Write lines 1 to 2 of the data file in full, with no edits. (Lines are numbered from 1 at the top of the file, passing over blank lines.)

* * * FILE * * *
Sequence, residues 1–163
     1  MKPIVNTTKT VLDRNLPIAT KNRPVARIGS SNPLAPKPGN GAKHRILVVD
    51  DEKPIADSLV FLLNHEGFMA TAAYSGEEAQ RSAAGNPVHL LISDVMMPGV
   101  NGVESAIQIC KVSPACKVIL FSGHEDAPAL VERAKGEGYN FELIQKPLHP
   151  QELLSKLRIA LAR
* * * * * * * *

Sequence, residues 1–163
     1  MKPIVNTTKT VLDRNLPIAT KNRPVARIGS SNPLAPKPGN GAKHRILVVD